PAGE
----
from practicing law, his name should not be continued in the firm
between lawyers and members of other professions or non-professional
persons should not be formed or permitted where any part of the
partnership's employment consists of the practice of law.
Division of fee
division of fees for legal services is proper, except with another
lawyer, based upon a division of service or responsibility.
professional services of a lawyer should not be controlled or exploited
by any lay agency, personal or corporate, which intervenes between
client and lawyer. A lawyer's responsibilities and qualifications
are individual. He should avoid all relations which direct the performance
of his duties by or in the interest of such intermediary. A lawyer's
relation to his client should be personal, and his responsibility
should be direct to the client. Charitable societies rendering aid
to the indigents are not deemed such intermediaries.
lawyer may accept employment from any organization, such as an association,
club or trade organization, to render legal services in any matter
in which the organization, as an entity, is interested, but this
employment should not include the rendering of legal services to
the members of such an organization in respect to their individual
Retirement from judicial position or public employment
lawyer should not accept employment as an advocate in any matter
upon the merits of which he has previously acted in a judicial capacity.
lawyer, having once held public office or having been in the public
employ should not, after his retirement, accept employment in connection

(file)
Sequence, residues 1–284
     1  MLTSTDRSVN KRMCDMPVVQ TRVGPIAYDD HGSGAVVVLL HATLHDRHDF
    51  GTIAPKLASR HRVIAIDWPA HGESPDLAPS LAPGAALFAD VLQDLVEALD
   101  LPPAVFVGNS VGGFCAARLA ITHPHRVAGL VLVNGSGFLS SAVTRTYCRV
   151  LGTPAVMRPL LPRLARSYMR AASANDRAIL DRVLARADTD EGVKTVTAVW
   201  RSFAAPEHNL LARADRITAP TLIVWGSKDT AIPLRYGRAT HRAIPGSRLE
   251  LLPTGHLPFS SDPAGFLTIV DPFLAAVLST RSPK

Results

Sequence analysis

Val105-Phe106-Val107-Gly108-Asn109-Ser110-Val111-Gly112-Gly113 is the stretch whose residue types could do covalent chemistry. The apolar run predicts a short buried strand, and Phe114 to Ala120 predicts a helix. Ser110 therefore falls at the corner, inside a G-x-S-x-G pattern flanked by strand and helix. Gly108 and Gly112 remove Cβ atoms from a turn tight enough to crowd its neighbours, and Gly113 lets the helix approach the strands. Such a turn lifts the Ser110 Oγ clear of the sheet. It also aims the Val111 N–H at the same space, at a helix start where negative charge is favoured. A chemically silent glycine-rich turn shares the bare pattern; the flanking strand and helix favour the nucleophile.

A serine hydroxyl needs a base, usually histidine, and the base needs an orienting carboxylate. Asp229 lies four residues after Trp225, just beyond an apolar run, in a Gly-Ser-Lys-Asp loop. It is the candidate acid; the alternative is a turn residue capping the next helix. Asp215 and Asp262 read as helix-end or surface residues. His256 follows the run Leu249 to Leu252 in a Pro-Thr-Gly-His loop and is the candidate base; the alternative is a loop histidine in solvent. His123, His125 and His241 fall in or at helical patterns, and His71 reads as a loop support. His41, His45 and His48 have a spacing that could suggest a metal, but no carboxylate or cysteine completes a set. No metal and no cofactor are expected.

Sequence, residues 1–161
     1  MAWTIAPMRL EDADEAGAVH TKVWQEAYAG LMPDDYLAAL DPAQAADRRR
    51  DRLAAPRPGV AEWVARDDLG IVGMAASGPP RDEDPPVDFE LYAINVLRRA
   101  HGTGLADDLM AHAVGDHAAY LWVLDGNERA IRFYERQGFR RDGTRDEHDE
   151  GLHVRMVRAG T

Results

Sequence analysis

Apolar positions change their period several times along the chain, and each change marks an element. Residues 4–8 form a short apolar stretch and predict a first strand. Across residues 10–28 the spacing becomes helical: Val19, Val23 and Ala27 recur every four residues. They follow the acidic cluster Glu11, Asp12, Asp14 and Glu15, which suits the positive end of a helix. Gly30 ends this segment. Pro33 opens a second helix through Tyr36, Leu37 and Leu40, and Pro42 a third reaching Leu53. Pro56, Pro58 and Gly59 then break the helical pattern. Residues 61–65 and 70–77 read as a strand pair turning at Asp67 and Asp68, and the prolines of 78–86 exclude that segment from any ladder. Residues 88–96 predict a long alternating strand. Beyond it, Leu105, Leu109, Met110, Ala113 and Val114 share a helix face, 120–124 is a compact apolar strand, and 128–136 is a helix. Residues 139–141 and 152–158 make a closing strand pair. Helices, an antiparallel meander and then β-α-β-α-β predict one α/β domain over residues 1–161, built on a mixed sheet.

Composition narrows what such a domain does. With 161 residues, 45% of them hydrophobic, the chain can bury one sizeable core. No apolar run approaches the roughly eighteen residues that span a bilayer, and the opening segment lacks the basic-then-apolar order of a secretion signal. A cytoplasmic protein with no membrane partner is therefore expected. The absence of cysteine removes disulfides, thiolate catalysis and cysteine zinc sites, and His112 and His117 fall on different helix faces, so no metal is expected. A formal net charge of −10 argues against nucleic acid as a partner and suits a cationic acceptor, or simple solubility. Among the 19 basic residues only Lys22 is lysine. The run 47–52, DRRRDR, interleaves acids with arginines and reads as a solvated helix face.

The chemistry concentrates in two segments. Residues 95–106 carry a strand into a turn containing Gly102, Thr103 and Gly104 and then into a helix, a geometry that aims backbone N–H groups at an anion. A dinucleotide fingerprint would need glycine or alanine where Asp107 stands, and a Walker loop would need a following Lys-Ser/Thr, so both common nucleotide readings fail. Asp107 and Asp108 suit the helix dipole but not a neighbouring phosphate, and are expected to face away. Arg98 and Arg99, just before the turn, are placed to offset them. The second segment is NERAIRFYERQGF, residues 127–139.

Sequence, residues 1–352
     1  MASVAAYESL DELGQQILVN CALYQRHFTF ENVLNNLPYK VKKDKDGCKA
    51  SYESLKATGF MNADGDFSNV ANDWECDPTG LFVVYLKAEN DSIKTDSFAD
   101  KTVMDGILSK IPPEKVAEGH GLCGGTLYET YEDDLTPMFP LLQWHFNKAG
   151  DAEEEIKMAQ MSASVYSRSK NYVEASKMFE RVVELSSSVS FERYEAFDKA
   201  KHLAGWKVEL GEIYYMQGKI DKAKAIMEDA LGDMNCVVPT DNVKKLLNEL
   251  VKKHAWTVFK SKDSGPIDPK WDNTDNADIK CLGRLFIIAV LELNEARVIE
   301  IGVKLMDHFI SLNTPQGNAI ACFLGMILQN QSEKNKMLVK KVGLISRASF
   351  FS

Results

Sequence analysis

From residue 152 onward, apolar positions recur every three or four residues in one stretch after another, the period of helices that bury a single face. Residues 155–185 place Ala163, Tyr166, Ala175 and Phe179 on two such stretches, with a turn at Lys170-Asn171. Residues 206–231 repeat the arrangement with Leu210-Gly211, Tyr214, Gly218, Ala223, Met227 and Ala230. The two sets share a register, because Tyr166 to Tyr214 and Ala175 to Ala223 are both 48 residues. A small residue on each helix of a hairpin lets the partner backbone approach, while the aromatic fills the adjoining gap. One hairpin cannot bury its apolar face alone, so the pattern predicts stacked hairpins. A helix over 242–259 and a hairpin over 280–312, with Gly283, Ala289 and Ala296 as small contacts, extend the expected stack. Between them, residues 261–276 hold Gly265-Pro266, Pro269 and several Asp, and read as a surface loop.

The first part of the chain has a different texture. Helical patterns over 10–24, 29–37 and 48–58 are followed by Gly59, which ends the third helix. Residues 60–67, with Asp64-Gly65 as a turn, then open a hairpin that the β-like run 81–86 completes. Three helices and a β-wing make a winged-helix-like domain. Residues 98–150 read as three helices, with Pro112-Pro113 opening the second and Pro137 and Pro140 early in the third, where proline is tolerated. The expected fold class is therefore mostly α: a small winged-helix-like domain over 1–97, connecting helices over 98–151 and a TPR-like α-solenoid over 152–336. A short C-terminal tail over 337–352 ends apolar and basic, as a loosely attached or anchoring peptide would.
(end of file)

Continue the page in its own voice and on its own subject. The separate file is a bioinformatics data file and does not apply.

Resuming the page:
with any matter he has investigated or passed upon while in such
office or employ.
Confidence of a client
is the duty of a lawyer to preserve his client's confidences. This
duty outlasts the lawyer's employment and extends as well to his
employees; and neither of them should accept employment, which involves
or may involve the disclosure or use of these confidences, either
for the private advantages of the client, without his knowledge
and consent, and even though there are other available sources of
such information. A lawyer should not continue employment when he
discovers that this obligation prevents the performance of his full
duty to his former or to his new client.
a lawyer is accused by his client, he is not precluded from disclosing
the truth in respect to the accusation. The announced intention
of a client to commit a crime is not included within the confidence
which he is bound to respect. He may properly make such disclosure
as may be necessary to prevent the act or protect those against
whom it is threatened.
Compensation, commissions and rebates
lawyer should accept no compensation, commissions, rebates or other
advantages from others without the knowledge and consent of his
client after full disclosure.
A lawyer may properly interview any witness or prospective witness
for the opposing side in any civil or criminal action without the
consent of opposing counsel or party. In doing so, however, he should
scrupulously avoid any suggestion calculated to induce the witness
to suppress or deviate from the truth, or in any degree to affect